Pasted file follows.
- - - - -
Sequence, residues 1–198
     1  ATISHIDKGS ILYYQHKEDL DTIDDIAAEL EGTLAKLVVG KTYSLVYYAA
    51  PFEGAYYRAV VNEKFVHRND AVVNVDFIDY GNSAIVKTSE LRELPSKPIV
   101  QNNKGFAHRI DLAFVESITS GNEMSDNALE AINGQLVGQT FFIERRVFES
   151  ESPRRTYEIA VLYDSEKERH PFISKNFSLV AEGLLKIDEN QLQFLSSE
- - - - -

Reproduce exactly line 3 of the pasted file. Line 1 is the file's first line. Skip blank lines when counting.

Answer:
    51  PFEGAYYRAV VNEKFVHRND AVVNVDFIDY GNSAIVKTSE LRELPSKPIV